Once Upon a Time – Skin Deep

Source: ABC.com. Copyright 2011 by ABC.

Written by Jane Espenson
Directed by Milan Cheylov

From ABC.com: When Mr. Gold’s house is robbed, Emma suspects he is planning to seek vigilante justice; Ruby, Mary Margaret and Ashley plan a night out on Valentine’s Day; Belle makes a deal.

Quite a few months ago, I wrote a review of the Jane Espenson-penned That Still Small Voice. I believed at the time, and still do, that the eponymous episode was poorly-written, formulaic padding. The strength of Once Upon a Time had been characterization, and That Still Small Voice did not rise to the high standards already exhibited by the series.

I feel that I must now offer apologies to Ms. Espenson. She has written two more episodes since then, and both have been excellent. Both have also made good use of Robert Carlyle, which only makes things even better. I have a belief that the quality of an episode of Once Upon a Time can be judged by the amount of screen time given to Mr. Carlyle. He never disappoints.

If you haven’t seen the episode, you can watch it or read the synopsis on the ABC website. It built upon the development of Rumpelstiltskin in a way that was believable. Initially, I was reluctant to see the show delve in to his background. I liked the idea of Rumpelstiltskin being a force of nature, a trickster who was mysterious. Any background information would take away the enigma. However, the show has done a good job of having it both ways. Whether due to the writing, Carlyle’s performance, or both, Rumpelstiltskin is one of the most fascinating characters on the show, and Skin Deep not only shows the internal struggle that rages within him, it shows an external struggle that had only been hinted at until now.

Based on this episode, it seems one of the major themes in Once Upon a Time, a theme that appears again and again in mythic storytelling, is the conflict between power and love. Wagner used it in The Ring Cycle. It is a struggle that constantly assails Christianity. It works out in the lives of the residents of Storybrook and the fairy tale world. Rumpelstiltskin was forced to choose between love and holding on to the power that he had gained. He is, arguably, the most powerful creature in the fairy tale world, a position which makes him a target of The Queen. Tricksters can be defeated, but only through trickery. If Rumpelstiltskin had chosen love, his powers—the result of a curse—would be gone. The Queen would win.

The Queen also faces this choice. In The Thing You Love Most, she must choose between her revenge and the love she has for her father. In the end, the power to take revenge trumps love for her. Even in Skin Deep, Regina chooses to confront Mr. Gold rather than continue to keep Henry and Emma apart. Facing her old nemesis was more important than controlling her son’s relationship (which is a perversion of love).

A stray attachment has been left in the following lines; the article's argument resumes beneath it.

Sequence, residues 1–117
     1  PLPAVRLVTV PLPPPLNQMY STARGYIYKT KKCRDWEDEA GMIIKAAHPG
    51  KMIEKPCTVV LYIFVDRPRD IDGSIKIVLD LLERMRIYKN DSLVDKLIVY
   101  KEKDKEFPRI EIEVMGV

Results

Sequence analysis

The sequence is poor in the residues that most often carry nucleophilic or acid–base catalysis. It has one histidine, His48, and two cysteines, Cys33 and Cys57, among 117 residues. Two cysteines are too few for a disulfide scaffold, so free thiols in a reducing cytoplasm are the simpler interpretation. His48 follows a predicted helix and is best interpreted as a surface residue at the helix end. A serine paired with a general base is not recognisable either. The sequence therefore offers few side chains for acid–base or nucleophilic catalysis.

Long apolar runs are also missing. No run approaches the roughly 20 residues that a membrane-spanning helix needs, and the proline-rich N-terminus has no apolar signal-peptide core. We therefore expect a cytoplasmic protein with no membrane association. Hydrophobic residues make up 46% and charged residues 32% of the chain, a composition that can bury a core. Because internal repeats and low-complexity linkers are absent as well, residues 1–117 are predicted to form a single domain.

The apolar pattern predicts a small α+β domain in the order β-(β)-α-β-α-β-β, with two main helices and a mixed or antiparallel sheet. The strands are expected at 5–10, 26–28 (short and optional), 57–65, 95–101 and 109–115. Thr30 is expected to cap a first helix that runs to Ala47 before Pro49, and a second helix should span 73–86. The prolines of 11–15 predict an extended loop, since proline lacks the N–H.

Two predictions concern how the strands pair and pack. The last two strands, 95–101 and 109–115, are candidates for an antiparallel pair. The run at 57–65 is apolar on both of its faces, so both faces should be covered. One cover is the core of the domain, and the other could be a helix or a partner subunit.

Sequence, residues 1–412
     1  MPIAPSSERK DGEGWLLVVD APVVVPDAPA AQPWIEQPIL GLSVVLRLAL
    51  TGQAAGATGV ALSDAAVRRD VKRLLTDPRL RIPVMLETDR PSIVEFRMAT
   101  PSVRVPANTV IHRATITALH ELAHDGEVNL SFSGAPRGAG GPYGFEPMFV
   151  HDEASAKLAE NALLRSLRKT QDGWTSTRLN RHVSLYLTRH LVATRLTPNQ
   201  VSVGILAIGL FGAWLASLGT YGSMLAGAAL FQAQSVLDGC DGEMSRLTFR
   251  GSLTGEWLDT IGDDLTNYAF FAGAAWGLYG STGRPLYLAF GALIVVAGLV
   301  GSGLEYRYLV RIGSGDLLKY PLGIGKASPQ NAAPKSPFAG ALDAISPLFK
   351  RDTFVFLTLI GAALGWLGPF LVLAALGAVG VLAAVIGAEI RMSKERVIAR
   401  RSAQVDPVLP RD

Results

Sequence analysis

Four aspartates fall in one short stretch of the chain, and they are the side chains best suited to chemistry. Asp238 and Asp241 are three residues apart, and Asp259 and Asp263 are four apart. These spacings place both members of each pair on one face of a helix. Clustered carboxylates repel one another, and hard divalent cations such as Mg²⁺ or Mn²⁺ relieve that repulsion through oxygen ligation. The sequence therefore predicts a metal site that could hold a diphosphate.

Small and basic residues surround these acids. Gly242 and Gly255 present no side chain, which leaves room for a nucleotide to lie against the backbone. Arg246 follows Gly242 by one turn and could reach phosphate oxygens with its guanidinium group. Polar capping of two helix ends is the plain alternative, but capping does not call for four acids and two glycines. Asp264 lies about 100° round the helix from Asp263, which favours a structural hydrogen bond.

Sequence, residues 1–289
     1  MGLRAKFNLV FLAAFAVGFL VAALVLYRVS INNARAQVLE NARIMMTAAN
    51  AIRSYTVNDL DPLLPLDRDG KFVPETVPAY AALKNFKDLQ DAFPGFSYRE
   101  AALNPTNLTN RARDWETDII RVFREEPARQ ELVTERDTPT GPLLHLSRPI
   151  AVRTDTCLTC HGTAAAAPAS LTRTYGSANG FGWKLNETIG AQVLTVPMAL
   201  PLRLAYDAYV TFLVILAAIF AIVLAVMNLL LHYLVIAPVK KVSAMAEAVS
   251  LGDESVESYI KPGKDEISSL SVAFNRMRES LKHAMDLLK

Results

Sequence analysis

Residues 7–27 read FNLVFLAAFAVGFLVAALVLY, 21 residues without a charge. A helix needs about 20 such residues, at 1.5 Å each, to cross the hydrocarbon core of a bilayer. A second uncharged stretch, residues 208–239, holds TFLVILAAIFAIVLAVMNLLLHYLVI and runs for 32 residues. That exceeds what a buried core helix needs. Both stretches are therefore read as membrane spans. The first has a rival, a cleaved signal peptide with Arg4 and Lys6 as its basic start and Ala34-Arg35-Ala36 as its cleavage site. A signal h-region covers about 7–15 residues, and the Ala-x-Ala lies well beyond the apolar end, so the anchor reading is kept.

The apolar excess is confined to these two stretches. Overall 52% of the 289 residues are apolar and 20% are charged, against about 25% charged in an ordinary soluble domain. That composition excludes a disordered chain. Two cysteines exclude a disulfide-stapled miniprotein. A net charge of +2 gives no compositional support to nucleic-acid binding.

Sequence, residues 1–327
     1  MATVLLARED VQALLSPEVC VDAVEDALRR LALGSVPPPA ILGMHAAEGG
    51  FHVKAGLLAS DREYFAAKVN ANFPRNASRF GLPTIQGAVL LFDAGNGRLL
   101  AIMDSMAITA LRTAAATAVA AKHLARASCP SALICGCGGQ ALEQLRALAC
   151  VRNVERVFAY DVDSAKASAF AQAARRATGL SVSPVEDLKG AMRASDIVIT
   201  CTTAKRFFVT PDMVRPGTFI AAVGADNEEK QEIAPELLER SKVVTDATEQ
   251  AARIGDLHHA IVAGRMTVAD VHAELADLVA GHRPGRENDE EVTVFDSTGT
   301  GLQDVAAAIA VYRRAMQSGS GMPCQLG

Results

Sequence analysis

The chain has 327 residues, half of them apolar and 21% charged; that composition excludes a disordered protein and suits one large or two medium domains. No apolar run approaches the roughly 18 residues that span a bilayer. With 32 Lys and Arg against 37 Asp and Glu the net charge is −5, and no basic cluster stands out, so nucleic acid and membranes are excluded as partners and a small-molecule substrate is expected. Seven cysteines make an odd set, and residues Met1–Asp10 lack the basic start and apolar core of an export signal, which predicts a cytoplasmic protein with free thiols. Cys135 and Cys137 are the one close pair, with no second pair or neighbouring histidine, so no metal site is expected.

So it would seem, with this episode, one of the central conflicts is that of The Queen versus Rumpelstiltskin. We already knew of her fight against Snow White. This new revelation adds more depth to the show, but also gives us plenty of new plot threads. Can the writers handle them?

As We Move Forward: From the episodes I have seen so far, it seems the best deal with the conflicts mentioned above. Jiminy Cricket’s story felt like filler, as did Hansel and Gretel’s story. When the episodes give us more pieces that relate to The Queen, Snow, and Rumpelstitlskin, the show feels like it is going somewhere. I still like the idea of a season-long arc which resolves and ushers in a new story (possibly one not related to the curse) in the second season. I have no idea if the writers will go in this direction, but it seems, based on what we have so far, they could easily do so. It would be immensely satisfying.

Once Upon a Time – The Shepherd

Written by Ian Goldberg and Andrew Chambliss
Directed by Victor Nelli

The amnesiac David Nolan must decide to return to the wife he doesn’t remember or Mary Margaret, whom he is deeply attracted to.  

“I think this belonged to me.”
“Really.  Are you sure?”
-David and Mr. Gold

For the most part, this episode was a return to form.  And while Emma Swan was rather irritating and the CG was terrible, the emotional struggle of David and Mary Margaret made the episode satisfying.  First, I was nervous as to how this struggle would be dealt with.  All too often, the Hollywood answer is to “follow your heart.”  But how does one follow their heart when they exist in a dual state?  Prince Charming was married to Snow White, but David is married to Kathryn.  So far as we know, this new world, this mundane world, features fully-realized relationships.  How does one reconcile faithfulness?  Ultimately, David’s greatest crime is, as Mary Margaret said, leading her on.  Ultimately, David chose his reality, and that reality was Kathryn.